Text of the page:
Building new or renovating old granny flats for investment is no news. Particularly in Western Australia, many homeowners are turning their otherwise barren backyard into a fertile ground for generating rental income. While the revenue potential is undeniable, investing without doing the homework is the usual problem.
When done right, a rental granny flat can drive profits three times than other similar properties in your area. How to do it?
Here are some useful hacks:
Know the Market & the Competition
It should go without saying, but not everyone pays market research enough time and attention. Much like in any venture, knowing the demand and the size of the competition in your location would dictate your occupancy rate and rental cost.
You can measure the competition in many ways. Driving around the suburbs to see which granny flats are for rent, what they look like and how much they charge for rent. Another way is to surf listing sites for any rental granny flats.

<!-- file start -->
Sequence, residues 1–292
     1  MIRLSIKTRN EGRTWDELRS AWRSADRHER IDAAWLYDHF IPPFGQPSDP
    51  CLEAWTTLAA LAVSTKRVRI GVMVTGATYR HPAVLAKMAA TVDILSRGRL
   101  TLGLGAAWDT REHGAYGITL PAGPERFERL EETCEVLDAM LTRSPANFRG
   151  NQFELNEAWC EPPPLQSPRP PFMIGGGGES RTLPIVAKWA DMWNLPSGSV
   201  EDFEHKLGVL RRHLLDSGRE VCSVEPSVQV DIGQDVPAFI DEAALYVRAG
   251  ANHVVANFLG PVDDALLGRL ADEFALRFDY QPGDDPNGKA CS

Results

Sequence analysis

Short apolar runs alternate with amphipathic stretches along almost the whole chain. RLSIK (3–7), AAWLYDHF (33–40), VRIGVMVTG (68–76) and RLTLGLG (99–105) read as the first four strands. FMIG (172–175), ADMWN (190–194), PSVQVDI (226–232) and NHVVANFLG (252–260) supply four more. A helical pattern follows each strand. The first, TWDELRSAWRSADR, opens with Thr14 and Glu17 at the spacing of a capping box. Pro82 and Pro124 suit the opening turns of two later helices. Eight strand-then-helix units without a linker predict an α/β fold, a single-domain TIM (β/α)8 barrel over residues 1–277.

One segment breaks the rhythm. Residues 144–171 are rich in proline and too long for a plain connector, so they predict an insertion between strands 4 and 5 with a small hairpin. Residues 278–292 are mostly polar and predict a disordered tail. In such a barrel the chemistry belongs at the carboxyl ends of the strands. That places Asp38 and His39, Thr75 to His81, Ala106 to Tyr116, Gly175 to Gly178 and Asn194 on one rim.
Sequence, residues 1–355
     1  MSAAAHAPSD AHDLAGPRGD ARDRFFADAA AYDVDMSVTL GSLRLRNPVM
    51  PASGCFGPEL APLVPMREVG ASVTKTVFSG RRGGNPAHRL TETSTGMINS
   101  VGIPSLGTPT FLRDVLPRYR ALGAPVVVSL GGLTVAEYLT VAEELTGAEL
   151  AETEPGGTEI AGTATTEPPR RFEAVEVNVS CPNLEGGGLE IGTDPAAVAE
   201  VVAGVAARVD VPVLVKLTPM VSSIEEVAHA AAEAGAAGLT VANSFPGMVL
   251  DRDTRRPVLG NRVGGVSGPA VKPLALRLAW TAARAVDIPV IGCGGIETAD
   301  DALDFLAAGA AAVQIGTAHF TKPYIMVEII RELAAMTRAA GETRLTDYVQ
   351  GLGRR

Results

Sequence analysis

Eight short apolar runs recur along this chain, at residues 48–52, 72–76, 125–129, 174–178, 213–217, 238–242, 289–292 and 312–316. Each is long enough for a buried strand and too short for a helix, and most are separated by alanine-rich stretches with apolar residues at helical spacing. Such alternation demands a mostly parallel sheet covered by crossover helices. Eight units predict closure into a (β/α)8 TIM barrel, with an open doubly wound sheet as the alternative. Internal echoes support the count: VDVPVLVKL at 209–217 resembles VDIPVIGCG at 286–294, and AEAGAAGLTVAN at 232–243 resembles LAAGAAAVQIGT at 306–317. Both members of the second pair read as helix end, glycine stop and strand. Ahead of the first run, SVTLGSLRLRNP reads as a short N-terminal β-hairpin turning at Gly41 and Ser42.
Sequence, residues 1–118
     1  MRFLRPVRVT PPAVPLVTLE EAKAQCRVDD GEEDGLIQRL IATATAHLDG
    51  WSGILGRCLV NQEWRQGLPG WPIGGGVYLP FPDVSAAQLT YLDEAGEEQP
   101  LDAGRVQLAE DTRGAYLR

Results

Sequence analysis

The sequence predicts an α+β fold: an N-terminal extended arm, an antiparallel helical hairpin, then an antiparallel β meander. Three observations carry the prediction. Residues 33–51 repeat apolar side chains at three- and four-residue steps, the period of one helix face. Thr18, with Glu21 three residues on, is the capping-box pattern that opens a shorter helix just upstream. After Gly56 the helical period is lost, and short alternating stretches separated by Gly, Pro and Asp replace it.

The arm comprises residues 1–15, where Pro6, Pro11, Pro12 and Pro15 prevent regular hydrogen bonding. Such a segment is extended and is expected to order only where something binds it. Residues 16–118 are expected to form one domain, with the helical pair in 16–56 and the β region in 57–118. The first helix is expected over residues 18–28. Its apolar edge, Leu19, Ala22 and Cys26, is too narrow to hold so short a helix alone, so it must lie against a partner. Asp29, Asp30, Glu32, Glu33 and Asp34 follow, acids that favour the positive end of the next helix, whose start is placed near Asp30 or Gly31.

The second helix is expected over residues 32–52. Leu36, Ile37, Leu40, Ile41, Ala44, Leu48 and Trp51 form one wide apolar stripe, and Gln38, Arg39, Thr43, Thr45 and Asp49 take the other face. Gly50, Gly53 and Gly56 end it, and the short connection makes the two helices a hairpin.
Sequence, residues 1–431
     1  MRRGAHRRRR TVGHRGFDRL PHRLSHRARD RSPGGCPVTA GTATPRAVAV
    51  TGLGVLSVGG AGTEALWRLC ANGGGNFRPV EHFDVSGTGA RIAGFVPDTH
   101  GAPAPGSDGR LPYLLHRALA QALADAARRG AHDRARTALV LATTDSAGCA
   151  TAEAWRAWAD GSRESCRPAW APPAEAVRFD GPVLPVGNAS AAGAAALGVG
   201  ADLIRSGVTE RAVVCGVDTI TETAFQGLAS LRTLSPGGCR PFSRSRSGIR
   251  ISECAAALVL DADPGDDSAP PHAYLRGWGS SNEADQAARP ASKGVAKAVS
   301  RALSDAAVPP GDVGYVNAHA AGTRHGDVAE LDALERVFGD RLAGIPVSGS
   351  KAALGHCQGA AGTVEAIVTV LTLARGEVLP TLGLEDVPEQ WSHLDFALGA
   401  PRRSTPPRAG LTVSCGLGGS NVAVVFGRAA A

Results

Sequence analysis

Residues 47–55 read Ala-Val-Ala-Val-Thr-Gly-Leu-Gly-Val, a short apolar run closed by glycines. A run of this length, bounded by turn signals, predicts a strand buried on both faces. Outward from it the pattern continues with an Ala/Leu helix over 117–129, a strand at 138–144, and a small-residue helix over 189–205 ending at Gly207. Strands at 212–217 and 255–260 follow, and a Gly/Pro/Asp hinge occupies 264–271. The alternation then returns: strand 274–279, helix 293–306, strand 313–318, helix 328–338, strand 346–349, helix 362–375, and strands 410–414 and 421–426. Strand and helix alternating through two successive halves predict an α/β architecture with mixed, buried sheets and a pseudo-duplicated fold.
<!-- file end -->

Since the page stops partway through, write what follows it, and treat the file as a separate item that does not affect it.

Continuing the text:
In addition, you can speak with local real estate agents to get a low down about your market’s supply and demand, and get a better idea how you should price your rent.
Put a Premium on Design
Minimising your expenses is one way to achieve ROI, but cost-cutting should never compromise the style of your secondary dwelling. Even if tenants want to keep their expenses low as well, they want to get what they pay for.
Between properties that offer similar functions, industry experts from Grandesigns WA says most tenants would choose those with more impressive-looking granny flat designs in Perth without minding the difference in rent.
Get the Word Out
No matter how good your granny flat may be, it’s no use if nobody knows about it. More than just putting it on the market, you should make every effort to set it apart from the rest of the competition and highlight its benefits.
Before you spend money on your rental granny flat, you must have a clear idea of your target market and know that they exist. If you think prospective tenants would just flock to you after the unit’s ready for occupation, your investment might not pay as many dividends as you think without covering all the bases.